Illustration of a Black man holding a leash; on the other side of a white picket fence is the dog attached to that leash and a white woman petting the dog.

Thy neighbor’s dog

In the feature “Diversity’s Fault Lines” (Fall 2021), which discussed sociologist Sarah Mayorga’s research on how white people interact with their Black and Latinx neighbors, I was struck by the example of how “Tammy” reacted to her neighbor’s barking dog.

Was it odd that Tammy was triggered by a barking dog? Was it really because she is white and her neighbor is not? And if my dog seems happy after a walk, is that a figment of my white anxiety? All this appears to be what Mayorga is suggesting.

Where the Tammy anecdote got remarkable — and weird — is when she uses binoculars to spy on her dog-owning neighbor before knocking on his door and having a conversation. If we want to talk about fragility, that’s the moment.

In all fairness, Mayorga gets to the nub of the issue in the end when she says, “Rather than asking, ‘What can I do about my neighbor’s dog?’ [Tammy] could have asked, ‘Why is this person a stranger to me?’” That’s a downright biblical question. And that’s the heart of the story. Racism is real. But perhaps it’s more realized in the surveillance of a neighbor than in dog-care norms.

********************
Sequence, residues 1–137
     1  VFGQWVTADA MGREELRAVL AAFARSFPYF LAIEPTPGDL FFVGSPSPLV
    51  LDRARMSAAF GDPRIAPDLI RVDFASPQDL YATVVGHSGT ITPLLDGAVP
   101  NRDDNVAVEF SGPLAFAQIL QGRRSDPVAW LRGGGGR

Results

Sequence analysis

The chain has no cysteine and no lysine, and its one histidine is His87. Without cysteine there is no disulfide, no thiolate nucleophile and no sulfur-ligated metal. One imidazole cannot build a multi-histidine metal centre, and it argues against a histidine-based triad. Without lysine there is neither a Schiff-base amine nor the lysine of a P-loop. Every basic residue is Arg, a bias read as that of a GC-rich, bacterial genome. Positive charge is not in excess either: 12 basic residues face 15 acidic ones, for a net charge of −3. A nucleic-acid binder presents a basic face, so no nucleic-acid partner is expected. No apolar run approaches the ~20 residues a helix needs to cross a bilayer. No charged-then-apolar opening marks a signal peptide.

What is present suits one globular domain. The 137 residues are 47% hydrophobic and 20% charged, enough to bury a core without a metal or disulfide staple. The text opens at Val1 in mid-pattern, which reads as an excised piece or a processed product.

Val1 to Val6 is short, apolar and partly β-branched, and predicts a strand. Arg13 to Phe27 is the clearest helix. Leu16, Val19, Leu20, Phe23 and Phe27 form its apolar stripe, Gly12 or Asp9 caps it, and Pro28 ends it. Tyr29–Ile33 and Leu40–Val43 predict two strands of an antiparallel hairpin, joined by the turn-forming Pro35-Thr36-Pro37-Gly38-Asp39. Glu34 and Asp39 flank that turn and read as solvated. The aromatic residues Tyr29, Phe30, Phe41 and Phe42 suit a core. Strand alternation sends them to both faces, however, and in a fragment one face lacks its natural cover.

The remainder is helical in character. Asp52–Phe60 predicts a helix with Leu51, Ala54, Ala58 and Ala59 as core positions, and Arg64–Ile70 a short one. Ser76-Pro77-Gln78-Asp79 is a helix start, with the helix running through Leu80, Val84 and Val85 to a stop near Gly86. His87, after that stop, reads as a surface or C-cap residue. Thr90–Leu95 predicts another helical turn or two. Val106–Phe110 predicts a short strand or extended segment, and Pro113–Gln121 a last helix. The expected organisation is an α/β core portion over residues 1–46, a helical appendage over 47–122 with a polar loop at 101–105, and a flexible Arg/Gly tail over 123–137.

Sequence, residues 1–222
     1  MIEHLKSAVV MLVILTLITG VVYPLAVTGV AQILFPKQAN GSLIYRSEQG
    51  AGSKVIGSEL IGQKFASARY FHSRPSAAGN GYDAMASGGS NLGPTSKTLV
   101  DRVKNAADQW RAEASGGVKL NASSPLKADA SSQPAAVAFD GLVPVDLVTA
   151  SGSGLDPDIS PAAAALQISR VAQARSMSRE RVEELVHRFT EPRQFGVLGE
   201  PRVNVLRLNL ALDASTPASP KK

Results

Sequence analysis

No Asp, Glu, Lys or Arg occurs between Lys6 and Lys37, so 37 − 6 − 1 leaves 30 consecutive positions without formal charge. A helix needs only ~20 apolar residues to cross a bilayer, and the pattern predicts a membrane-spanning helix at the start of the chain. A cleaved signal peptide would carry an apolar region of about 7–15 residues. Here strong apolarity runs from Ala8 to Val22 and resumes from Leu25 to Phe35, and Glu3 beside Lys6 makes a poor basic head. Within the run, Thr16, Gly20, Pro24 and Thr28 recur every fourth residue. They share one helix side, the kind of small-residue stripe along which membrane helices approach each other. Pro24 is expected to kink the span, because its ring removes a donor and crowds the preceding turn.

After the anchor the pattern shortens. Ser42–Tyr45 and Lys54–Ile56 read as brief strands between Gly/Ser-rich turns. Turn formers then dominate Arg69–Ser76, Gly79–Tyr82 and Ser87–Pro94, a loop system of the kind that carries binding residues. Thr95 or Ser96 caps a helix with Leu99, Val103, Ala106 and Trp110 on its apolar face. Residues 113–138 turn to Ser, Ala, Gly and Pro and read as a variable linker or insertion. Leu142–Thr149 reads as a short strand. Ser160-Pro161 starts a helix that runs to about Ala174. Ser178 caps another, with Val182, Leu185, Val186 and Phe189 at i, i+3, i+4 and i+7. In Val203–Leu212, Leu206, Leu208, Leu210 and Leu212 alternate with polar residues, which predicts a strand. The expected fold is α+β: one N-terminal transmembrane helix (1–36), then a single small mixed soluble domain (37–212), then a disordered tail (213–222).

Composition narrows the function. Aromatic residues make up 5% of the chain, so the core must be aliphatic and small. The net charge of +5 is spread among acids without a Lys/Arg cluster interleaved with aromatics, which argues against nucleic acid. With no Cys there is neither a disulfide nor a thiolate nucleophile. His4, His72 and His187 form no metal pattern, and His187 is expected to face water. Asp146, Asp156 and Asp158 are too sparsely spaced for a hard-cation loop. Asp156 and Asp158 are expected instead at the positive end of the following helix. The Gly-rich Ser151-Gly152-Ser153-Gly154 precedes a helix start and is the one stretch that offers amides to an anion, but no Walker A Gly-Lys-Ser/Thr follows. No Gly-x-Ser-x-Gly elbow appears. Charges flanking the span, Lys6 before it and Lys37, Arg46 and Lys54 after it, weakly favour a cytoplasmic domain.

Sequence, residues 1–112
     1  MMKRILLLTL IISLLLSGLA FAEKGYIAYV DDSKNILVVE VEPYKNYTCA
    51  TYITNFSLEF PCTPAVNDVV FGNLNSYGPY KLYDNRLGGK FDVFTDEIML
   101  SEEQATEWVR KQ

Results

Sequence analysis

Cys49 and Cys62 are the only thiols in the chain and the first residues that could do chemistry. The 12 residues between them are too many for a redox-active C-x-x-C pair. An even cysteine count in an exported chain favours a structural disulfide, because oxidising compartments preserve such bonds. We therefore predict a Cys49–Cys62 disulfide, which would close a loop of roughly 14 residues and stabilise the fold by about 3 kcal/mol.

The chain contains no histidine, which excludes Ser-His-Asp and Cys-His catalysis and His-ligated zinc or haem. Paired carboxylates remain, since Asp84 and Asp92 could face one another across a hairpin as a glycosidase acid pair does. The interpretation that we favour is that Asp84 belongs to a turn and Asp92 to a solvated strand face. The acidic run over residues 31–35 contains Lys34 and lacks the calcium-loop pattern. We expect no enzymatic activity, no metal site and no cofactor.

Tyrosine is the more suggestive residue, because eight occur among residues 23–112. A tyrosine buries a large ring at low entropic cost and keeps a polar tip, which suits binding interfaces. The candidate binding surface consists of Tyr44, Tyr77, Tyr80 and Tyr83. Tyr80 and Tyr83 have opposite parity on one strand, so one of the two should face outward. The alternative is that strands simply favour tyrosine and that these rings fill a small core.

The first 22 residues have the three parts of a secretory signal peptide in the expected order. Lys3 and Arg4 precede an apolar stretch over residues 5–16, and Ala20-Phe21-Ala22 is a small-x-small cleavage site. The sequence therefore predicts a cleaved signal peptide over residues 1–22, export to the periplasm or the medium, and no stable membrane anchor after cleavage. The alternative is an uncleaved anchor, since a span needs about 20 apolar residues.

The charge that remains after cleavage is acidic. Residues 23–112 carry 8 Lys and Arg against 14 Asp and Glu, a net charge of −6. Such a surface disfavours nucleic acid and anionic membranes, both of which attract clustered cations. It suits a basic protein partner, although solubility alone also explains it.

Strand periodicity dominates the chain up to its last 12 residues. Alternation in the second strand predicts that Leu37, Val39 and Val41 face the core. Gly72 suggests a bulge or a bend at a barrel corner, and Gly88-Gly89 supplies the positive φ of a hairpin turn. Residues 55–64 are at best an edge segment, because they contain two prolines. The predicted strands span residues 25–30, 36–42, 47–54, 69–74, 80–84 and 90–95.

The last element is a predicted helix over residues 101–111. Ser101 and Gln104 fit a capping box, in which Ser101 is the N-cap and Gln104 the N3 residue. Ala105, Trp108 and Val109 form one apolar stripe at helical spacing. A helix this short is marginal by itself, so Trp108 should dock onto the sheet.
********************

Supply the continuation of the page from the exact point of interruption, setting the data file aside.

Rev. Amy Crocker Beveridge ’98
Central Coast area, California

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I read with interest the article on Sarah Mayorga’s research. I would welcome an additional study of a diverse neighborhood where people do know their neighbors. What factors allow this to happen?

I found I disconnected from the article when I arrived at the section that discussed residents’ beliefs about how dogs should be treated. In trying to avoid judging others’ cultural norms, we can mistakenly decide that animal mistreatment is only a different cultural norm.

Another issue troubles me: trying to fit an entire group of people into one behavior pattern. Categories can be informative, I know, but I am so much happier living outside their confining restraints.

— Janet Fishman ’70
Adjunct professor in critical studies
The University of the Arts

Communal viewing

I enjoyed Ulka Anjaria’s article on Bollywood films (“A Register of Feeling”) in the Fall issue’s Arts and Culture section. I was especially pleased to learn that students sometimes invite a big group of people to join them in watching the films she assigns for her classes. Back in my day, the only way to watch movies on campus was communally, often in the large auditorium in Ford Hall. Those showings evoked plenty of clapping, hooting and laughter. One classic movie line that never failed to get a loud response was in “Casablanca,” when Humphrey Bogart tells the Nazi officer, “There are certain sections of New York, Major, that I wouldn’t advise you to try to invade.”

— Michael Gerver ’70
Raanana, Israel